I'm studying P. Erdős & J. Surányi's book Topics in Theory of Numbers. The Exercise 2.20b) reads:

Prove that for an arbitrary positive integer $N$, there exists $N$ consecutive integers, none of which is a power of an integer (where the exponent is greater than one).

Context: The section in which the exercise is uses the Chinese remainder theorem to prove that for any integer $N>0$ there exists a prime $p$ such that $p-1,\ldots, p-N$ and $p+1,\ldots,p+N$ are all composite. As a matter of fact, exercise 2.20a asks for a proof that there are $N$ consecutive, non squarefree numbers, which I have solved.

Thoughts & Tries: With the idea of using ChRT in mind, I have looked for the appropiate moduli. I have thought on using squares, something like $x_j\equiv j\pmod {p_j^2}$, but the fact that at a number is not the power of $N$ primes does not imply that it is not a power of the next one...

I have had some other ideas, like beginning at $2^{N!}$ or $N^N$, but none of them seems to work.

I still want to solve the problem, so I prefer hints than complete solutions.

  • $\begingroup$ Nice question! Would be easier to solve if you changed "none of which is" to "one of which is not" (though I guess probably less interesting)... $\endgroup$ – barak manos Dec 29 '16 at 17:40
  • $\begingroup$ @barakmanos that's just equivalent to showing at least one non-perfect power exists. $\endgroup$ – Jorge Fernández Hidalgo Dec 29 '16 at 17:42
  • $\begingroup$ @JorgeFernándezHidalgo: So??? $\endgroup$ – barak manos Dec 29 '16 at 17:43
  • $\begingroup$ so it's trivial. $\endgroup$ – Jorge Fernández Hidalgo Dec 29 '16 at 17:45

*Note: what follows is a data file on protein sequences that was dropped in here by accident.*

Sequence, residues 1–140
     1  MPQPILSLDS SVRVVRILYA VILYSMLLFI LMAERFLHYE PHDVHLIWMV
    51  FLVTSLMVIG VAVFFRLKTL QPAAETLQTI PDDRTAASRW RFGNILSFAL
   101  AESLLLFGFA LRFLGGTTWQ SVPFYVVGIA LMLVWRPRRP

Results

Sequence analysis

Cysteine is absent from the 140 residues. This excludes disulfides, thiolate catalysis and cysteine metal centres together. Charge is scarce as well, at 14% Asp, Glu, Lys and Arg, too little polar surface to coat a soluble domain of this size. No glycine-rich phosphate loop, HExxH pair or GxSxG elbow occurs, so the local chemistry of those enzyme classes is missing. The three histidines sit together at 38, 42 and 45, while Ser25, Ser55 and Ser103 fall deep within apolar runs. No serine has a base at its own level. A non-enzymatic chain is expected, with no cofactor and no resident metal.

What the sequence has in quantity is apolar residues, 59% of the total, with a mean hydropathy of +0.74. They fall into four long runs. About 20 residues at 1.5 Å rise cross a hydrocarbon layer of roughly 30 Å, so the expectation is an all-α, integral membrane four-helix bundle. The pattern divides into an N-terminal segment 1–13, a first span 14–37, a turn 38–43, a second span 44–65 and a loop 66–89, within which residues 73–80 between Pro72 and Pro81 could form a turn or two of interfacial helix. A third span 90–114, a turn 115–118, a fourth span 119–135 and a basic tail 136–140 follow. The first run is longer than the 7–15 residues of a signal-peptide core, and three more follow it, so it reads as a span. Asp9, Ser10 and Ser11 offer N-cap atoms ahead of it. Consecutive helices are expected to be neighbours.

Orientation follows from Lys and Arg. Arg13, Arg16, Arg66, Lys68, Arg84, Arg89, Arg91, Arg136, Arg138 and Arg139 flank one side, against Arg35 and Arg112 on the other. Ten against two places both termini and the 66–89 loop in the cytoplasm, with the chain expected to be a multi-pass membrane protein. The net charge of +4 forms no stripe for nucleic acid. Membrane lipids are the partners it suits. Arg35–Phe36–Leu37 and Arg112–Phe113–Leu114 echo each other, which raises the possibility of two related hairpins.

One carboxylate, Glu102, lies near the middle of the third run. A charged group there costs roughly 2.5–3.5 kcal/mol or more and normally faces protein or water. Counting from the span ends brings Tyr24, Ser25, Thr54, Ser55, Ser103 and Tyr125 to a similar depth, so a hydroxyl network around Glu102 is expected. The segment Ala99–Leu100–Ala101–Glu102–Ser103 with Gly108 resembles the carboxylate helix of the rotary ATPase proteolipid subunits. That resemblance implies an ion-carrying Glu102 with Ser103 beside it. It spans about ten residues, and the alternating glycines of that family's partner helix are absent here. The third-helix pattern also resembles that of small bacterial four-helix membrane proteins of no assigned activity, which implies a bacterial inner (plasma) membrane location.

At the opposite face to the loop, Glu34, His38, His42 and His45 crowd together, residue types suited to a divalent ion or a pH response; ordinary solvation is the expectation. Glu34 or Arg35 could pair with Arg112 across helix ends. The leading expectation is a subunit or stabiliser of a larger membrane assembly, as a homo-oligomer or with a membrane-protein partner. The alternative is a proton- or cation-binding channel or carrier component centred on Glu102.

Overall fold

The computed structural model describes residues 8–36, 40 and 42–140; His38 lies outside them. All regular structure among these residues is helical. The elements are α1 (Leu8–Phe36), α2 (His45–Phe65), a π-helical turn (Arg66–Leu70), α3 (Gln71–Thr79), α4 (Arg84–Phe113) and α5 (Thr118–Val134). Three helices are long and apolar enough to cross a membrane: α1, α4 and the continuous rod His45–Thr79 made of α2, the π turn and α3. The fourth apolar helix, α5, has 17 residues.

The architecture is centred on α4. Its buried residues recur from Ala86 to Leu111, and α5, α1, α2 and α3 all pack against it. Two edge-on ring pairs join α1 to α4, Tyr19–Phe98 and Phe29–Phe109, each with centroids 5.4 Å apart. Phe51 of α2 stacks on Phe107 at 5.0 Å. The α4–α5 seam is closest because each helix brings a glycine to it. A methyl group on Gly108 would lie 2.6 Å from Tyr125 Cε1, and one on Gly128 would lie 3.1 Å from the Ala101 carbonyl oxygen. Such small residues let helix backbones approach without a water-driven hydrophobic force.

• $\begingroup$ @ajotatxe $\Bbb Z[x]$ is not euclidean because fractions do not exist in $\Bbb Z$? How about $\Bbb Z_p[x]$ (padics)? $\endgroup$ – Turbo Jan 5 '17 at 15:36

you can do this easily with the chinese residue theorem.

Just take $n$ prime numbers $p_0,p_1,\dots,p_{n-1}$ and find a number that is a solution to:

$x\equiv 0 \bmod p_0^2$

$x\equiv p_1 -1 \bmod p_1^2$

$x\equiv p_2-2 \bmod p_2^2$


$x\equiv p_{n-1}-(n-1)\bmod p_{n-1}^2$

None of the numbers $x,x+1,\dots,x+n-1$ is a perfect square, as $p_j| x+j$ but $p_j^2 \nmid x+j$.

  • $\begingroup$ How do you show that $x$ is not the power of some other prime (or number)? $\endgroup$ – ajotatxe Dec 29 '16 at 17:30
  • $\begingroup$ added. ${}{}{}{}{}$ $\endgroup$ – Jorge Fernández Hidalgo Dec 29 '16 at 17:31
  • $\begingroup$ If a number $y$ is a perfect $w$'th power then all of the exponents in its prime factorization must be multiples of $w$. $\endgroup$ – Jorge Fernández Hidalgo Dec 29 '16 at 17:32
  • $\begingroup$ Don't you mean $x\equiv p_i-i \mod {p_i^2}$? $\endgroup$ – Darth Geek Dec 29 '16 at 17:33
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    $\begingroup$ Oh yeah, it should be $x\equiv p_j-j\bmod p_j^2$, that way we have $x+j\equiv p_j \bmod p_j^2$ $\endgroup$ – Jorge Fernández Hidalgo Dec 29 '16 at 17:34

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